This giant chunk of ice could break off Antarctica any day
Two cracks on the Brunt Ice Shelf are creeping closer to each other. When they intersect, an iceberg twice the size of Manhattan will slide into the ocean.
A CHUNK OF ice more than twice the size of New York’s Manhattan could break off from Antarctica’s Brunt Ice shelf essentially at any moment.
Two large cracks in the shelf have been inching further open over the past few years. When they finally intersect, a berg about 660 square miles wide and almost 500 feet thick will be released into the ocean—where it will eventually melt, joining its brethren in adding more water to the world’s oceans and pushing global sea levels a tiny bit higher.
It’s no surprise that the giant berg would eventually break off: The Brunt Ice Shelf is one of the most carefully monitored ice tongues in the world, because it’s the site of the Halley Research Station, a major center for the British Antarctic Survey’s research activities in the region. But no one knows exactly when the berg will dislodge.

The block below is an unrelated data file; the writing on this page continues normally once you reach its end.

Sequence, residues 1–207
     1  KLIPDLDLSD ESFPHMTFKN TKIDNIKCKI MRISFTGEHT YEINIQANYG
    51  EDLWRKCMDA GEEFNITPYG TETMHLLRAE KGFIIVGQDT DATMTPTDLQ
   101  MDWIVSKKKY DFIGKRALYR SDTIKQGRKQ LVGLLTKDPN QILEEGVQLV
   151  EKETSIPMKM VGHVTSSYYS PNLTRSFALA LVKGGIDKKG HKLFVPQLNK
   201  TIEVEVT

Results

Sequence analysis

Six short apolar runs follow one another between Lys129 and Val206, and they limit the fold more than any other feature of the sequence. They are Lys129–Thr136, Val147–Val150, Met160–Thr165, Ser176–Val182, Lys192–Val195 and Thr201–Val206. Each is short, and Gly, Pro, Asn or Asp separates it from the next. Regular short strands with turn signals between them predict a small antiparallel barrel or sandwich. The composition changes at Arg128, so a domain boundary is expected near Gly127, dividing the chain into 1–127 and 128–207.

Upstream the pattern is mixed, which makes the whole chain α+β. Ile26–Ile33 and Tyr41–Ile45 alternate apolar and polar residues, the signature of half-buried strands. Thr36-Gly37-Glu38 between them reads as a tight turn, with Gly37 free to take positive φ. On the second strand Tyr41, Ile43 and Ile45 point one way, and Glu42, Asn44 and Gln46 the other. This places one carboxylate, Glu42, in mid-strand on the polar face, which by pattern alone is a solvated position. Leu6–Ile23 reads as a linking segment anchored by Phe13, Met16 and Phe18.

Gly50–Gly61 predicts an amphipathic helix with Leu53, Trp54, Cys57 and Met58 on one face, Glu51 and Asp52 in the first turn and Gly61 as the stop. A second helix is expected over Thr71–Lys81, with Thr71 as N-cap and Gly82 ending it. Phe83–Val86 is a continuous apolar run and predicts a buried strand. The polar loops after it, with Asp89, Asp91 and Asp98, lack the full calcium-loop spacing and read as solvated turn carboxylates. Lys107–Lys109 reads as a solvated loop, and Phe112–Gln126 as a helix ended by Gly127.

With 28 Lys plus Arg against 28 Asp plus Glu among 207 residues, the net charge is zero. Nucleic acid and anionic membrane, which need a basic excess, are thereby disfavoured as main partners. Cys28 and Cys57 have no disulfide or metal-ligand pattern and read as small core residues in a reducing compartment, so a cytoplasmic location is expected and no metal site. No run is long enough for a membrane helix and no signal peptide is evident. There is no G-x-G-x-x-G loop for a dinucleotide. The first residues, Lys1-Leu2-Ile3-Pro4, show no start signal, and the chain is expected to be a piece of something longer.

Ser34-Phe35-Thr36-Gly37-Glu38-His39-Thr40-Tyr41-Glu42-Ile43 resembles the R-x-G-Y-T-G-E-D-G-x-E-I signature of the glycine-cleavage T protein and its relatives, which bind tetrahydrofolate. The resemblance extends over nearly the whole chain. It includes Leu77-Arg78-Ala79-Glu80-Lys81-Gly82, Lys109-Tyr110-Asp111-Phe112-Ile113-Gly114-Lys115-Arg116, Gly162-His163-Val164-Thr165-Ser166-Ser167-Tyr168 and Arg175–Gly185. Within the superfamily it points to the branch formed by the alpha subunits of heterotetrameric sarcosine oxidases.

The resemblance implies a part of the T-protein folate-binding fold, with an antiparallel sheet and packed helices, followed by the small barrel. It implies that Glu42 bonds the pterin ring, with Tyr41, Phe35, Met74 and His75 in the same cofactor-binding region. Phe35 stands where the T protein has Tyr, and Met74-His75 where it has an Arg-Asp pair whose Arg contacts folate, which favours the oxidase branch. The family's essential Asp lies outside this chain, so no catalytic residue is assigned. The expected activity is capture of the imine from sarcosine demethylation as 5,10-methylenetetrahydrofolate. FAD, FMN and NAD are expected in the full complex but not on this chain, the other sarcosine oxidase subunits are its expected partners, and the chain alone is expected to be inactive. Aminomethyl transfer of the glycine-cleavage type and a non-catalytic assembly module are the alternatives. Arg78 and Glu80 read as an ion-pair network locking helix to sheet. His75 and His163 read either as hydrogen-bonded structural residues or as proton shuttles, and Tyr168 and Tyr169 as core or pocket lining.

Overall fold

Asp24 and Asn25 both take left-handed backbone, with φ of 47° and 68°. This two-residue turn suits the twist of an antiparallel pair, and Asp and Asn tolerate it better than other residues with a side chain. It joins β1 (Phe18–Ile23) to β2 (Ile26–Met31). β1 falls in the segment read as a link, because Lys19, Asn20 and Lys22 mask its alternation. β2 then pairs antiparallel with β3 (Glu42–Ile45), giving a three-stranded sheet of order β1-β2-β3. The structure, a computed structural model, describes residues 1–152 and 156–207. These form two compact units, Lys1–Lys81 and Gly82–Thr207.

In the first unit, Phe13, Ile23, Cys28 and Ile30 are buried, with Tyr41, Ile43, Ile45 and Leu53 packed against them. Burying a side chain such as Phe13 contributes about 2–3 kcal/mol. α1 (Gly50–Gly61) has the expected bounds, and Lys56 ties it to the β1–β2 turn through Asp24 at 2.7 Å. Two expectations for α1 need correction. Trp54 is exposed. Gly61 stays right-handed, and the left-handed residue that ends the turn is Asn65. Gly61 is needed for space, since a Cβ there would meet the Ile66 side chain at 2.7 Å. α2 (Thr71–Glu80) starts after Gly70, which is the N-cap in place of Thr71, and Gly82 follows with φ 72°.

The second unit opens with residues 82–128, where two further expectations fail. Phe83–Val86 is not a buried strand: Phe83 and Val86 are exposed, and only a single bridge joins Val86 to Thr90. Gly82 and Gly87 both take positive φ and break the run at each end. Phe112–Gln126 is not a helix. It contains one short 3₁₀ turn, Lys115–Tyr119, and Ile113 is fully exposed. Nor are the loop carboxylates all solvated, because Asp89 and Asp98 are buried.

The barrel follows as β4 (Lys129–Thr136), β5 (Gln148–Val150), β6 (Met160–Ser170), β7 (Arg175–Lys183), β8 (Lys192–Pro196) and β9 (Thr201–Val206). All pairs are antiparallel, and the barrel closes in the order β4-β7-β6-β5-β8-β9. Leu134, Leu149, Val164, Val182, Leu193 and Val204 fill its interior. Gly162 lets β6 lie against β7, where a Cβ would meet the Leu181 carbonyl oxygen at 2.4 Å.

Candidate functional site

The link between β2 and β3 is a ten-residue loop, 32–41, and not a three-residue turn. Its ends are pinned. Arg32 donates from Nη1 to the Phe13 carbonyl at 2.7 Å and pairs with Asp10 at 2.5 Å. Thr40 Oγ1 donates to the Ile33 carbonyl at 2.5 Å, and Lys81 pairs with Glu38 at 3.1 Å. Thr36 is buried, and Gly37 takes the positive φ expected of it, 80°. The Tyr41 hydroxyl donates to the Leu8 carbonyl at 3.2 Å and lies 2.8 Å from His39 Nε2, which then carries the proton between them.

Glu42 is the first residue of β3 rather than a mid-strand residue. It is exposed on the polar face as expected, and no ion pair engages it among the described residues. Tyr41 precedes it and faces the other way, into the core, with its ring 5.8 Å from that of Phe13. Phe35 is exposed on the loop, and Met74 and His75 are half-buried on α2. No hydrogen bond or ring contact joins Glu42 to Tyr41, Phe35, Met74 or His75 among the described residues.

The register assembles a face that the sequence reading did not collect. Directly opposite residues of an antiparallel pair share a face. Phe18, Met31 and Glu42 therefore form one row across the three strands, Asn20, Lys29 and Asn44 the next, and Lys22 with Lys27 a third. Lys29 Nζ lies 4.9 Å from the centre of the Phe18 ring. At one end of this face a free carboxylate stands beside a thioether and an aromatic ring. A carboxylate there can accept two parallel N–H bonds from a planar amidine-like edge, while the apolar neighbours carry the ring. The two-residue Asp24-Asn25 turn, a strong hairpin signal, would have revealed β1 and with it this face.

Nor is the berg the biggest to break off Antarctic ice sheets in recent years. That prize goes to a Delaware-sized chunk (something like 2,240 square miles) that peeled off the nearby Larsen-C ice sheet in 2017. But this hunk is nothing to sneeze at.
Unlike the dramatic ice break-ups observed over the past few years on the Antarctic peninsula, though, this calving event is not likely driven by warming air or seas.
“The Brunt ice shelf is relatively far south compared to the ice shelves that have calved dramatically on the Antarctic Peninsula,” says Oliver Marsh, a glaciologist at the British Antarctic Survey in Cambridge, England, and the extra-warm air temperatures that have toasted that region haven’t had such a dramatic effect at Brunt yet. “This calving event is just part of a natural cycle.”
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